The environmental impact of wood versus other building materials is continually under study and review by experts in the field. What is clear is that redwood is a sound environmental choice. Mendocino redwood in particular is grown and harvested in accordance with some of the toughest environmental standards in the world.
One key measure of environmental impact is whether or not a material is sourced from a renewable resource. Mendocino redwood trees, which eventually become beautiful Mendocino redwood decks, fences, and landscaping materials, are a renewable resource. Mendocino Redwood Company harvests less than the annual growth of its forests, plants trees each year and continues the cycle of growth and harvesting that is 100% renewable. You don’t have to worry about redwood coming from petroleum-based sources; all that is needed to grow redwood trees is abundant sunshine, good soil, and plentiful rain or fog.
Another important measure of environmental impact is whether or not a material can be recycled. Redwood bark is a byproduct of the manufacturing process to produce redwood lumber. This bark is often recycled into mulch and ground cover products. In addition, several businesses have emerged in recent years that recycle the redwood left in old buildings and other structures. This recycled redwood begins a new life as a beautiful deck, fence, or other outdoor structure.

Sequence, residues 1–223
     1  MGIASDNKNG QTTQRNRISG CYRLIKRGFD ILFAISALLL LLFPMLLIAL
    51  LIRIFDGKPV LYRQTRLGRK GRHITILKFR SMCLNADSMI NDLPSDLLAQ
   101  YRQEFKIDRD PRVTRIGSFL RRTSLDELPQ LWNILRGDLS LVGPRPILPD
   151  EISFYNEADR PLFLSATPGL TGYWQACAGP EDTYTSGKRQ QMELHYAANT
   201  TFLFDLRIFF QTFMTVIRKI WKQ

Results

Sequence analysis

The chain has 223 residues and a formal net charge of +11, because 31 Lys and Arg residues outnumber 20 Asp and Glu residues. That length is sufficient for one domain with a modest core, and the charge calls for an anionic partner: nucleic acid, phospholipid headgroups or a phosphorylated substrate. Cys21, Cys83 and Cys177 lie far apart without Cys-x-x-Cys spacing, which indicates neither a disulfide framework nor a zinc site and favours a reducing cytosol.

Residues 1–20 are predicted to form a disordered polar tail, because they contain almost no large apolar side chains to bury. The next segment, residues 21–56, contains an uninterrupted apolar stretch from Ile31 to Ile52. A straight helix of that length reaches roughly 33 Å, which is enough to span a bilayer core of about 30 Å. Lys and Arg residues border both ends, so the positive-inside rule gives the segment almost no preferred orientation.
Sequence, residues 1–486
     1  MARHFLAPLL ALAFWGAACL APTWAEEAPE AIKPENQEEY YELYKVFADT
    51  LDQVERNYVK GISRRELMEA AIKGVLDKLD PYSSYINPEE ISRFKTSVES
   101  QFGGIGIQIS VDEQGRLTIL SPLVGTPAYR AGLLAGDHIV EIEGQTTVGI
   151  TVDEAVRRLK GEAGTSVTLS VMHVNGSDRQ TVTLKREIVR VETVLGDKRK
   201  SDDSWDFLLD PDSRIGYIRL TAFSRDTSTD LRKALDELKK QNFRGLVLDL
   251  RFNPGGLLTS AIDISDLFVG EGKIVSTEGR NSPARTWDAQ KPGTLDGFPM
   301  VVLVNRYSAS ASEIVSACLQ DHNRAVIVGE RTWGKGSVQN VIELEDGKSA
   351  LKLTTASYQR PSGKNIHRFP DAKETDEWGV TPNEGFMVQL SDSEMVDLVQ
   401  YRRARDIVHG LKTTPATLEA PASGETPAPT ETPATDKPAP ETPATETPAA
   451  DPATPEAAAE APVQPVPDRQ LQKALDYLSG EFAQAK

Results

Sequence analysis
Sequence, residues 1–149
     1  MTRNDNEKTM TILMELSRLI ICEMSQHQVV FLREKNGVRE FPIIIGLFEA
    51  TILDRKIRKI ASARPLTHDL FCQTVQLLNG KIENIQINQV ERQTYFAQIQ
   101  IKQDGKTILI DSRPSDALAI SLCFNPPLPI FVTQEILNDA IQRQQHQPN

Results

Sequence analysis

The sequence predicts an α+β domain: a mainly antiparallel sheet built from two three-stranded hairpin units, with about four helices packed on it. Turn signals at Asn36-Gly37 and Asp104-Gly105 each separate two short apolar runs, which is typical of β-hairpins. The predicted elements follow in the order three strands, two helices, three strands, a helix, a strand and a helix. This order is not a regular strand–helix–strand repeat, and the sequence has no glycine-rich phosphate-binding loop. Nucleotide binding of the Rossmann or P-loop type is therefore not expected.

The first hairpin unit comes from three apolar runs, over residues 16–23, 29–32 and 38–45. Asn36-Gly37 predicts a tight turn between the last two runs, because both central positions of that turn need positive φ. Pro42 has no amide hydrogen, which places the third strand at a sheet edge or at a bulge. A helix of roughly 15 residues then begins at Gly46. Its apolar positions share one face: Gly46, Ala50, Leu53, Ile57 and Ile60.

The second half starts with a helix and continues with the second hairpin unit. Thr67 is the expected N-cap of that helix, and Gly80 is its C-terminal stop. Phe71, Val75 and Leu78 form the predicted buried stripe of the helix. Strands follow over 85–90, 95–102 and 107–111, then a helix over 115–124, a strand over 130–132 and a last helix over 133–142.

A final significant measure of environmental impact is whether or not a material is biodegradable once it has been landfilled or composted. Redwood and other natural wood products come from the earth and naturally biodegrade when placed in a landfill or compost.
The following brochures provide additional information regarding the impact of redwood forestlands on the environment.